EU-Canada Data-Sharing Deal May Go Too Far

     (CN) — An agreement between the European Union and Canada to share airline passenger data doesn’t sit well with an EU court adviser, who said Thursday that the plan goes far beyond what’s necessary to prevent terrorism and transnational crime.
     The EU and Canada began negotiating an agreement to share passenger name record data in 2010 in order to thwart terrorism and other crimes. Included in the agreement is all the typical EU privacy requirements — masking of sensitive data, right of access, rights to correct and erase data, storage time limits and passengers’ rights to judicial redress.
     With the agreement finally signed in 2014, EU lawmakers sent the final draft to the European Court of Justice for a constitutional check — a first for an international agreement.
     But on Thursday, Advocate General Paolo Mengozzi said the agreement as currently drafted runs contrary to the EU constitution on several points — particularly in light of the high court’s recent decisions in high-profile personal data cases like Schrems — which led to the dismantling of the U.S.-EU data-sharing agreement — and Digital Rights Ireland, which gutted the EU’s data-mining directive.
     Aside from transferring way too much personal data to Canada’s control — and giving Canada too much power over how it uses the data — Mengozzi said the agreement allows for more than is necessary to prevent and detect terrorist offenses and serious forms of transnational crime.
     “The fact nonetheless remains that the interference constituted by the agreement envisaged is of a considerable size and a not insignificant gravity,” Mengozzi wrote. “It systematically affects all passengers flying between Canada and the union, several tens of millions of persons a year. Furthermore, as most of the interested parties have confirmed, no one can fail to be aware that the transfer of voluminous quantities of personal data of air passengers, which includes sensitive data requiring by definition automated processing, and the retention of that data for a period of five years, is intended to permit a comparison, which will be retroactive where appropriate, of that data with preestablished patterns of behavior that is ‘at risk’ or ‘of concern,’ in connection with terrorist activities and/or serious transnational crime, in order to identify persons not hitherto known to the police or not suspected.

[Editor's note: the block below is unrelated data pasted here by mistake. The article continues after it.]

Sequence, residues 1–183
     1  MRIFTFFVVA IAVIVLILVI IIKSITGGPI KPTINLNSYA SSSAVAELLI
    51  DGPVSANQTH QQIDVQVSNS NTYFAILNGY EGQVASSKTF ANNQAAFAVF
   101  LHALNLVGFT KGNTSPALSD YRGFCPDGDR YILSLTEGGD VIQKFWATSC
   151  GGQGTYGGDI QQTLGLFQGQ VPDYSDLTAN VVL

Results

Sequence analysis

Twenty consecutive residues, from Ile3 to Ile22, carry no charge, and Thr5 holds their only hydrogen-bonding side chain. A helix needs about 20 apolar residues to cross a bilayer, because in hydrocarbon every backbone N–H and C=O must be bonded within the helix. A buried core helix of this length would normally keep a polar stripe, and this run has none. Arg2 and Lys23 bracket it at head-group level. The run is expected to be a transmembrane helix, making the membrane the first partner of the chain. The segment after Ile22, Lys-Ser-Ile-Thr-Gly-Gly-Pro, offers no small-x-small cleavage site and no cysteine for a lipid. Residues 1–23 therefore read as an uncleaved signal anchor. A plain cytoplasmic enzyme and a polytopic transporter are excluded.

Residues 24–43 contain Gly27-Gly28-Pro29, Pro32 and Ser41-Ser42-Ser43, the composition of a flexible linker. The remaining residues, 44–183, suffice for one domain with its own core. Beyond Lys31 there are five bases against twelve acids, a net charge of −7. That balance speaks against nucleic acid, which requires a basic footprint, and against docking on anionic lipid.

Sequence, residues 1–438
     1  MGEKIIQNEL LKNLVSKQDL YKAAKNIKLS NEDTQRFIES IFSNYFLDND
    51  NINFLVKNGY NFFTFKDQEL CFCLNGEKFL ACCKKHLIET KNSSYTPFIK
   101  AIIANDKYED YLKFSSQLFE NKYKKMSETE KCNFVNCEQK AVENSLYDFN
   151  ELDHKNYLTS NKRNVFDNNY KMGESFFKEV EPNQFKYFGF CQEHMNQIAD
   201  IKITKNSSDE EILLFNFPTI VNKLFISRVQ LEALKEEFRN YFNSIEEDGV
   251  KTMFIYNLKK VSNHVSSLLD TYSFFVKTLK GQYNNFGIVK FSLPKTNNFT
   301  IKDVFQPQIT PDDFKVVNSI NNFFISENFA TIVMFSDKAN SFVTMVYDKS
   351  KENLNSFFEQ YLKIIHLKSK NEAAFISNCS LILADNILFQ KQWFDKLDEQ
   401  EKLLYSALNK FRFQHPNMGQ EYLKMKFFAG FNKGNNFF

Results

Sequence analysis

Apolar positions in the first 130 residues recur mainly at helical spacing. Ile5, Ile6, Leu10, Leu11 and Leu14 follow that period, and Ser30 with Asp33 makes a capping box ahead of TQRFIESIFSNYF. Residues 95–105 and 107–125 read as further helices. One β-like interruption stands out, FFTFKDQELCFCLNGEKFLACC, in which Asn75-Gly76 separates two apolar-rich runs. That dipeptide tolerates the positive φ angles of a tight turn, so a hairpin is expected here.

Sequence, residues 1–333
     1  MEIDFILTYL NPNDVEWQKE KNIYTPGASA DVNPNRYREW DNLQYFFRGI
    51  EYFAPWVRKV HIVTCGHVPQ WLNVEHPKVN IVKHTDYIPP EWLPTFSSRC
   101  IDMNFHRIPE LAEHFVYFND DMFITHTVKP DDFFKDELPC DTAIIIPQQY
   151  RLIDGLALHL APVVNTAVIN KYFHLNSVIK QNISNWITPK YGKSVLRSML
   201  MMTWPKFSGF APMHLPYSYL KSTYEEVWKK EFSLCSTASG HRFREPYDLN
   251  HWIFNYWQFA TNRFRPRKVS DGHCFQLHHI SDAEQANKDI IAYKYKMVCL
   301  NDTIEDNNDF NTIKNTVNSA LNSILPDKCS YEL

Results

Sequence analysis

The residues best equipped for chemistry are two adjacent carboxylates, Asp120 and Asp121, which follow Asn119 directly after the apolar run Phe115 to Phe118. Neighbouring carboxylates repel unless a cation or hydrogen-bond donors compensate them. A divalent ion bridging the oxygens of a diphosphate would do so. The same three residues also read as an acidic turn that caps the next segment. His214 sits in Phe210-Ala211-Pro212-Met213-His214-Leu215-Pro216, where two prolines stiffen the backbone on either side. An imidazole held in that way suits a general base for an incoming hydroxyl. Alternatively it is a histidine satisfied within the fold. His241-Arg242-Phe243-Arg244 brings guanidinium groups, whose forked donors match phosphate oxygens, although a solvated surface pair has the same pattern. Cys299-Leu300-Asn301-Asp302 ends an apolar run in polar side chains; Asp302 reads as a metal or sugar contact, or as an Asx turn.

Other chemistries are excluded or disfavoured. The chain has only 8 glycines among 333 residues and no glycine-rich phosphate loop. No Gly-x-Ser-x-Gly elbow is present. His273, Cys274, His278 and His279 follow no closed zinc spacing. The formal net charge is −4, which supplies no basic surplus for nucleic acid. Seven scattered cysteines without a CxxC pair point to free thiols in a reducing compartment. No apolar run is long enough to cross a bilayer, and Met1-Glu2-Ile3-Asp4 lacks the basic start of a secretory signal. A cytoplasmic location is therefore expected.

“Those characteristics, apparently inherent in the passenger name record scheme put in place by the agreement envisaged, are capable of giving the unfortunate impression that all the passengers concerned are transformed into potential suspects,” Mengozzi added.
     The adviser’s opinion is not binding on the court, which has begun its own deliberations in the case.
     Mengozzi is not the first EU official to question the passenger name record scheme. In late 2015, the union’s data czar urged lawmakers to rethink plans to collect personal data from every person who boards an airplane to, from and within Europe — echoing Mengozzi’s concerns that doing so essentially turns all passengers into de facto criminal suspects.

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